The Accidental Winemaker   Leave a comment

Not all of us who love fine wine are so fortunate to have come to it early in our lives.  We don’t have the advantage of having it presented as part of our everyday cultural experience.  We don’t get to grow up amongst the vines, with the vineyard as our playground.  But many of us, who come to love wine, have had that seminal moment when wine begins to reveal itself to us in a oenological strip-tease of sorts.  Starting with sweeter wines, usually.  My first memory of wine, for example, came as a child at Christmas time when my grandmother, who was never really a drinker, would down a small tumbler of Manischewitz concord grape wine while preparing Christmas dinner.   Don’t ask what a nice devout Roman Catholic lady was doing drinking a Kosher wine at Christmas– I have no idea how that started.  What I can tell you is that somehow, that bottle of very sweet juice, appeared at the Holiday table every year (complements of one of my Schaeffer-swilling uncles, no doubt) with greater regularity than Santa Claus himself.  And while we were not encouraged to drink it, somehow, my cousins and I always found a way to garner a few sips of that childhood nectar for ourselves.  That, it turns out, was a gentler introduction to wine than Ntsiki Biyela had.  

This lady with the lovely smile is Ntsiki Biyela, a South African winemaker who found herself making wine by happenstance.  Borne and raised in Zululand in the village of Kwa Nondlovu, Ntsiki (pronounced n-SEE-kee), short for Nontsikelelo, had no wine pedigree whatsoever.  Yet despite these odds, in 2004 she has found herself as the winemaker for Stellekaya after studying oenology at Stellenbosch University.  She has been named the Landbouweekblad Woman Winemaker of the year.   

Her story is an unusual one: She grew up as other young village girls did, performing daily chores like fetching and gathering firewood from a distant forest.  She also studied in a poorly equipped rural school.  After doing well in secondary school she was given an opportunity to study winemaking on a scholarship.  Seizing the chance to do something that wasn’t even part of her culture must have taken a tremendous leap of faith, not to mention bravery.  It must also have been startling for her given that she was disgusted by her first taste of wine– a dry one at that.  (I can only imagine that she may have been expecting a taste of that sweet nectar from my childhood.)  But as she became more familiar with it, it is clear that she had found her calling.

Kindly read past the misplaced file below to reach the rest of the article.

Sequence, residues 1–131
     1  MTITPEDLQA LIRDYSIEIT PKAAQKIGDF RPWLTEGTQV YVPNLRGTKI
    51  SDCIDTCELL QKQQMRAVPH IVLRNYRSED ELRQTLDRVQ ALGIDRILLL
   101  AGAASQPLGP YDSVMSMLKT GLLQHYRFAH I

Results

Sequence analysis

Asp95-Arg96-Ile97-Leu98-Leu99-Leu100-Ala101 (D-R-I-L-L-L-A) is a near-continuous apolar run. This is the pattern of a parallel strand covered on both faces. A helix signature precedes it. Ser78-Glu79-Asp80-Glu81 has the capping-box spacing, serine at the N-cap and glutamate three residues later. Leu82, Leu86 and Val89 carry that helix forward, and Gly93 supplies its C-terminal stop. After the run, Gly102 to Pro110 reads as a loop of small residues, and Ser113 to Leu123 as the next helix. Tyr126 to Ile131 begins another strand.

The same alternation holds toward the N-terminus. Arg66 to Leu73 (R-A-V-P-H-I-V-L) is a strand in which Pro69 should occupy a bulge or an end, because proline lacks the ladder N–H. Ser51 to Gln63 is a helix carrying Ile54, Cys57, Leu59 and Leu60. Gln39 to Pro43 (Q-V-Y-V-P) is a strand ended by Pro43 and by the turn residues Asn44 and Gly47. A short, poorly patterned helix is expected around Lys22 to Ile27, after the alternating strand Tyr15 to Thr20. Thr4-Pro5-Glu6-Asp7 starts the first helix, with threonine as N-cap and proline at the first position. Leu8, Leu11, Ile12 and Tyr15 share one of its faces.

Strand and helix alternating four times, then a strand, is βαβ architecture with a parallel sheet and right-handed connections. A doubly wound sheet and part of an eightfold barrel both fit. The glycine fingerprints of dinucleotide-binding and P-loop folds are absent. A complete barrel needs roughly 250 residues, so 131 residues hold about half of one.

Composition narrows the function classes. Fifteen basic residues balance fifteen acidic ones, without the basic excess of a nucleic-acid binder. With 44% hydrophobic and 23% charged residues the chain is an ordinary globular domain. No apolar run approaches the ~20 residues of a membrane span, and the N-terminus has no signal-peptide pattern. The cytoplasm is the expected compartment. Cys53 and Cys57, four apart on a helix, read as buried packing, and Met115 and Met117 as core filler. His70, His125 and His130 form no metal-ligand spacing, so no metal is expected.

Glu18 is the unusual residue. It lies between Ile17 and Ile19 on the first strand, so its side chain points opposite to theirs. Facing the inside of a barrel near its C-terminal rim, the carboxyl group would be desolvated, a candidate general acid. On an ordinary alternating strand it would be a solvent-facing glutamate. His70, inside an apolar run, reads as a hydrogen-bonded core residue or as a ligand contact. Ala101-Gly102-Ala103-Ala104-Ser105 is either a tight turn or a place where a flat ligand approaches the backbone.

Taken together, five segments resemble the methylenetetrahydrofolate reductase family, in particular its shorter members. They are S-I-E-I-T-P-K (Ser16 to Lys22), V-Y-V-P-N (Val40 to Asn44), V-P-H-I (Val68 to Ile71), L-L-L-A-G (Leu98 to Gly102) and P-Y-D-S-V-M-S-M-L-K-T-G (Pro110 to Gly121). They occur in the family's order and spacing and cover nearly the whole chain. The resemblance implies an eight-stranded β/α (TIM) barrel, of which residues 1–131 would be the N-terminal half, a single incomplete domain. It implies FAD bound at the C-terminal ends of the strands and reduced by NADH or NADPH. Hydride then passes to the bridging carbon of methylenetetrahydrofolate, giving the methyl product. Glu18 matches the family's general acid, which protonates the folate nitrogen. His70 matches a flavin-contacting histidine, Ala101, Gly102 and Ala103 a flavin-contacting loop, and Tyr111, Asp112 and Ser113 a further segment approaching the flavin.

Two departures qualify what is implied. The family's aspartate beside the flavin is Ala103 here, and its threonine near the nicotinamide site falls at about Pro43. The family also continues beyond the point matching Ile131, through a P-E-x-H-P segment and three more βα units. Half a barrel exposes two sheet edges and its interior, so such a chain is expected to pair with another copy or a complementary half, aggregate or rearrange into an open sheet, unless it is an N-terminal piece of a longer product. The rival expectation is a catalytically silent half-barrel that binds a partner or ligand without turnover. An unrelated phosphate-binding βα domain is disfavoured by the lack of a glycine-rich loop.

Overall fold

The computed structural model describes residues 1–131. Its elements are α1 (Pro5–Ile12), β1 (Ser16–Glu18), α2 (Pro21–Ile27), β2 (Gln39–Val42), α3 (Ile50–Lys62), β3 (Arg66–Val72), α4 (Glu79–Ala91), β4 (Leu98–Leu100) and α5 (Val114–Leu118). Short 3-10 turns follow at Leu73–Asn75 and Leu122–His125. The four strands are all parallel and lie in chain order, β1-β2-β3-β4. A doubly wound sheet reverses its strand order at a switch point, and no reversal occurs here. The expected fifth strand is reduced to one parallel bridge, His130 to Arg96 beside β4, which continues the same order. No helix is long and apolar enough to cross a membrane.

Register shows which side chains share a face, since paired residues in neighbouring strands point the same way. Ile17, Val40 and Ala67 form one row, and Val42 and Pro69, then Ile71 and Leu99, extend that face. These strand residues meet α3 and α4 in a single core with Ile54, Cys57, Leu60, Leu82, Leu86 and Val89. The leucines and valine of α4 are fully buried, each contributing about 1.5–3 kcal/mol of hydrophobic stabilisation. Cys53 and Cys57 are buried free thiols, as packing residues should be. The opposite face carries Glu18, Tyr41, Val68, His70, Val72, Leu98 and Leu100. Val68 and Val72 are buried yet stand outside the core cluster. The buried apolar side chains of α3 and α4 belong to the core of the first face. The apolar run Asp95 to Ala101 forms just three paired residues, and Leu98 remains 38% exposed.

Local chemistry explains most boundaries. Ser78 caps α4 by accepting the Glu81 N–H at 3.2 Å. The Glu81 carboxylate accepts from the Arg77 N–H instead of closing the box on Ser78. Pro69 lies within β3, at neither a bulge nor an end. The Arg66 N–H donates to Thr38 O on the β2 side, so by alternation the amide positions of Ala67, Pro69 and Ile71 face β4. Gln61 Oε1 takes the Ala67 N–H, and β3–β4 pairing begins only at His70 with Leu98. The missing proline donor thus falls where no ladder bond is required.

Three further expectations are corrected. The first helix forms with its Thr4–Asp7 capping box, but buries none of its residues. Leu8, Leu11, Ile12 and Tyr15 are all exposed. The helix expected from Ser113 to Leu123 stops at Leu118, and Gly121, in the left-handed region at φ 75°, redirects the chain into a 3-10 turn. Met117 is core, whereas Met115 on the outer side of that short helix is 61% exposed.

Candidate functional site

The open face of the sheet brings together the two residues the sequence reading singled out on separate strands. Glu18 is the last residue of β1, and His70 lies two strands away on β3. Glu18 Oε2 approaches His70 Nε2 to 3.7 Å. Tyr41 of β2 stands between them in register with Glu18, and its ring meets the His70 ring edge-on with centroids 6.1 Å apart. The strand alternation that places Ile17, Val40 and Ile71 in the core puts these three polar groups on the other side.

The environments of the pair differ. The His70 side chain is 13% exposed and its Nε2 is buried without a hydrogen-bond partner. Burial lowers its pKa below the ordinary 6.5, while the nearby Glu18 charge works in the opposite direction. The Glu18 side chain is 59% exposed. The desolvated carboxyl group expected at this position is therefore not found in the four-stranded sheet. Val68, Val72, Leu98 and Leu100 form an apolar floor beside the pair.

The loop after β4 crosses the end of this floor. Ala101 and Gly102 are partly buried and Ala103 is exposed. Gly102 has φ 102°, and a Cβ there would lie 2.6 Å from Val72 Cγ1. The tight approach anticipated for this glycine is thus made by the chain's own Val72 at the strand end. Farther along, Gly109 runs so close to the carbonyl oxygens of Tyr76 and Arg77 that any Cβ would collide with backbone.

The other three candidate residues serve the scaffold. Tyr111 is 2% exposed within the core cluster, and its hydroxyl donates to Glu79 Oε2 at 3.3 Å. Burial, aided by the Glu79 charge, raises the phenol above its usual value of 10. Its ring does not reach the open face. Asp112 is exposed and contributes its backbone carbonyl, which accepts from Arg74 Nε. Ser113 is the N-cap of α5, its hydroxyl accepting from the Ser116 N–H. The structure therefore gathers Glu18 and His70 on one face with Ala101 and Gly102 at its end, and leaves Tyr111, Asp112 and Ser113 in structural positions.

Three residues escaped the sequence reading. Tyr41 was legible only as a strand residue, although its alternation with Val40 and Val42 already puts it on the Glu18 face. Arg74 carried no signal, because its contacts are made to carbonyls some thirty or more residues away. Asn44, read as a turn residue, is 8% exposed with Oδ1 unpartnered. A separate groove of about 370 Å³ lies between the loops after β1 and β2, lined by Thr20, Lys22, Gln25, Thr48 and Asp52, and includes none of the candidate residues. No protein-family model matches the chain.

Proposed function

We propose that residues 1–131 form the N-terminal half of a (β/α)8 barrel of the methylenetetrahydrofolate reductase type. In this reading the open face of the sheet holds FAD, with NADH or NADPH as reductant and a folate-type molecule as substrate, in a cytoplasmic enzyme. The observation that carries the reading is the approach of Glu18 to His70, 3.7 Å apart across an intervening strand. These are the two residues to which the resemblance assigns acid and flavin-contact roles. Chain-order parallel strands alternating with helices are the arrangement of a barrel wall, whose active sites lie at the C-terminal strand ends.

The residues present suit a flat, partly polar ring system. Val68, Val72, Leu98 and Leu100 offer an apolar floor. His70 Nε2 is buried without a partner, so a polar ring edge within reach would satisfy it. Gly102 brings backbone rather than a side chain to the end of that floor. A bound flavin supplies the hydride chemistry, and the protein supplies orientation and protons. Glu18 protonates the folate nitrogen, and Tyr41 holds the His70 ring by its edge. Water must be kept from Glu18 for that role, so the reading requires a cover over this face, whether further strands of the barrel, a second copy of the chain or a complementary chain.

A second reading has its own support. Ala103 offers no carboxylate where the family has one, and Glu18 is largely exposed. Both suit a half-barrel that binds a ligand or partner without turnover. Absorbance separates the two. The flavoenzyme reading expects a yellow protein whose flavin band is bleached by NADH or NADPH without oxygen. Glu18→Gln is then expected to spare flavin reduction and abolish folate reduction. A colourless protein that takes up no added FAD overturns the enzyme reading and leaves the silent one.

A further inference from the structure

After graduating from Stellenbosch, she was recruited to be the winemaker at Stellekaya, an established winery.  Rather than staying with the more traditional South African approach to red wines with pronounced wood flavors, she tries to produce wine that showcase the fruit in the most elegant way possible. 

I have been in touch with her recently and have learned that she is traveling in Italy where she is learing the Italian approach to Sangiovese based blends at the Tuscan winery, Petra.  She tells me that she has fallen in love with this most Italian of varietals and that she has been able to identify some similarities between the Italian versions and her South African version.  It will be interesting to see how the differences that she is able to experience will translate into her winemaking on her return home.  That kind of learning can only result in production of even better wines in her hands.   The Stellekaya winery, by the way, produces its own Sangiovese-Merlot-Cabernet Sauvignon blend called Hercules.   

An amusing anecdote in from a recent newspaper profile of her illustrate the humility of her approach to winemaking and appreciation:

The vocabulary of the wine world sometimes amuses her.  At one tasting, she listened to the connoisseurs as they detected the intricate flavors.

“One is saying, ‘I am picking up hints of cassis,’ and another is saying, ‘I can smell truffles,’ ” she recalled.  “I probably shouldn’t have done this, but I said what I was smelling was cow dung.”

She did not use those words to be mean, she said.  In one of her two worlds, cow dung is used to make floors and walls.  “It’s a smell I grew up with.  I didn’t grow up with truffles.”

 We are blessed to have such gifted and motivated people in the cellars.   

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Posted October 6, 2011 by Sybarite Sauvage in Food-Wine-Love

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